The Case for Rejecting Tzedakah (Yitzhak Bronstein)

The status of Tzedakah as a foundational Jewish value is beyond question. We will explore texts which test its limits, raising the question as to whether certain charitable donations must be rejected. In particular, we will trace conversations from the Talmud through contemporary responsa around instances of Tzedakah offered from stolen money, as well as the prohibition of hanufah (inappropriate flattery).

What Redemption Are We Praying For? (Elie Kaunfer)

Redemption is a major theme in our prayers, and is the subject of the seventh blessing of the weekday amidah. This short blessing has raised questions for hundreds of years. Together we will explore: What redemption are we asking for? Why is it placed where it is in the amidah? What is its relationship to the blessings around it?

Shaming as Abuse of Power Hierarchies: A New Approach to the Intersection of Gender and Halakha (Jason Rubenstein)

The Talmudic treatment of shame in the 8th chapter of Bava Kamma is deservedly famous for its focus on personal experience and suffering. It is also remarkable for another reason: opening up a new perspective on power in general, and gender in particular, in social settings. Most fascinating of all, these passages include more-or-less explicit critiques of rabbinic personages and rulings, opening up a new method of internal feminist critique and practice of Torah. 


Snack + Break

4:30-6:15 pm

Shiur electives

I Cannot Tell A Lie… Or Can I (Avi Strausberg)

When it comes to telling the truth, we find ourselves holding two important values in tension:  on the one hand the emphasis on telling the truth and staying away from falsehood.  On the other hand, the prohibition to steer clear of lashon hara (or evil speech).  Yet, there are all sorts of situations in which we may find ourselves caught between these two principles:  are we bound to tell the truth, the whole truth, and nothing but the truth or might it be okay and even advisable to omit or to lie for the sake of some greater principle?  In this session, we'll turn to Jewish sources for the answer, as we navigate the sometimes complicated and nuanced question, "If and when is it okay to lie?"

Wanting God to Be Near Us... and Wishing God Would Leave Us Alone: Exploring Psalm 139 (Shai Held)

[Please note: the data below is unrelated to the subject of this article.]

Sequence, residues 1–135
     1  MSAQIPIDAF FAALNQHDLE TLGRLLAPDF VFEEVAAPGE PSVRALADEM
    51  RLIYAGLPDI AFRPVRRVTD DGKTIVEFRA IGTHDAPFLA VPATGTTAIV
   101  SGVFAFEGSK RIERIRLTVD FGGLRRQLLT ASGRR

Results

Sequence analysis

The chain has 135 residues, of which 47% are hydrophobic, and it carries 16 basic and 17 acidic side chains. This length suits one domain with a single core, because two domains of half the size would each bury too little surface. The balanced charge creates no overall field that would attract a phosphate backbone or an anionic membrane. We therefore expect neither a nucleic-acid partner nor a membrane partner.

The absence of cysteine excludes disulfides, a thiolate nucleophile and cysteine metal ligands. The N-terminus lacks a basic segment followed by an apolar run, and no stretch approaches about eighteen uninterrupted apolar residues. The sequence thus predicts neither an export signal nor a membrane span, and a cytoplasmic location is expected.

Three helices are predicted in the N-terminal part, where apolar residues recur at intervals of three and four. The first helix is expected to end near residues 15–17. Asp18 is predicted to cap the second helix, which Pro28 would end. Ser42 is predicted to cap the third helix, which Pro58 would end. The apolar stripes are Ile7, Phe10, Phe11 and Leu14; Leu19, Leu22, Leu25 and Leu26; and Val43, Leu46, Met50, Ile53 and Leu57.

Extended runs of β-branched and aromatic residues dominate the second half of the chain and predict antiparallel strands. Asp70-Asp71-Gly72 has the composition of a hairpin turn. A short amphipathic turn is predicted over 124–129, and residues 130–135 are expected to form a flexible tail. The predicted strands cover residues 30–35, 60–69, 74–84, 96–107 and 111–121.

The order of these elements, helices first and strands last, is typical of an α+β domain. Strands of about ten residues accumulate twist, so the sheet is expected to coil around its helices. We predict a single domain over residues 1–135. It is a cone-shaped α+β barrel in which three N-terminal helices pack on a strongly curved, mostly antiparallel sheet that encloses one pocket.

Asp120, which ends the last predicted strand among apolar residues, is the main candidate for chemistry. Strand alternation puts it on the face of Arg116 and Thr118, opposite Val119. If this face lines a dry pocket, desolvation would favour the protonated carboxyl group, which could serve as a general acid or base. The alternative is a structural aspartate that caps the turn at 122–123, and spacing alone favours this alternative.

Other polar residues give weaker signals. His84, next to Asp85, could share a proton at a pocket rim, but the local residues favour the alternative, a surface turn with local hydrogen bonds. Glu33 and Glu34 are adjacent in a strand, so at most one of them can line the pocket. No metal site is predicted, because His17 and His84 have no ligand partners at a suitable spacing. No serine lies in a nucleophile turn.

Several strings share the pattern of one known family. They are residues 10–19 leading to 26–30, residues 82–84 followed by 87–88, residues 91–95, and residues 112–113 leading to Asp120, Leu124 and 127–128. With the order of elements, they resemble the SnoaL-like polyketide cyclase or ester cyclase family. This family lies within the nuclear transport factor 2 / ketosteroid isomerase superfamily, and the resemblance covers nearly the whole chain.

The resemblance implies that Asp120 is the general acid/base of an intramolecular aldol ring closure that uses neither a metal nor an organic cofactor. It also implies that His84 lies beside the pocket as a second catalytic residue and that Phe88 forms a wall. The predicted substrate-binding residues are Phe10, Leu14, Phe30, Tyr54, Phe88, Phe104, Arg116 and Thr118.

Sometimes people feel that God is closer to them than they are to themselves, that God is their very life; and sometimes people feel that God is too close, that God’s presence is just “too much.”  Sometimes people go back and forth between these two senses; and sometimes they are torn by feeling both things at once.  In this session, we will do a close literary reading of one of the richest, most complex, and most elusive texts in the Psalms, which is, arguably, a study in both ambivalence and ambiguity.  We’ll also consider some of the many ways the Psalm has been understood by both traditional commentators and modern scholars.  

How Can We Bless God? The meaning(s) of Barukh Attah Hashem (Elie Kaunfer)

Part of the challenge of teaching is being surprised by the material ourselves. A case in point: Every blessing begins with the phrase: Blessed are you, God. What could that possibly mean? We will explore the possible understandings of this phrase, and focus on the daring messages that underlie this seemingly simple phrase.

6:15 pm

Dinner provided

7:00-8:30 pm

Annual Jerome L. Stern Pre-Pesah Public Lecture - With Rabbi Shai Held

The Triumph of Creation

What Are Sefer Shemot—and Matan Torah—Really About?

The deep structure of the book of Exodus inspires fascination and curiosity: What is the book really about? Where does it begin and where does it end, and why does the journey between those two points matter so much? In this Pre-Pesah lecture, we will explore these questions and ask what relevance the book has for contemporary Jewish theology, ethics, and politics.

8:30 pm

Arvit (optional)

Tuesday, March 17

7:45-8:30 am

Shaharit (optional)

8:30 am


9:15 am - 12:30 pm

Talmud Seder and Shiur (Day 2, same as Monday)

12:30 - 12:45 pm

Shmooze in the Beit Midrash

12:45 - 1:45 pm

Lunch and Optional Table Conversations - Tools of Hadar:  How can Hadar contribute to your Rabbinate?

1:45 pm

Minhah (optional)

2:15-4:00 pm

Shiur electives

How to Listen to Nothing: Silence, Doubt and Revelation (Aviva Richman)

From early midrash to hasidut, we'll explore the importance of silence in punctuating, and perhaps overwhelming, a journey towards knowing God and believing in ourselves.

Words that Cannot be Written: Oral Torah and Chosenness in R. Yitzhak Hutner’s Pachad Yitzchak (Tali Adler)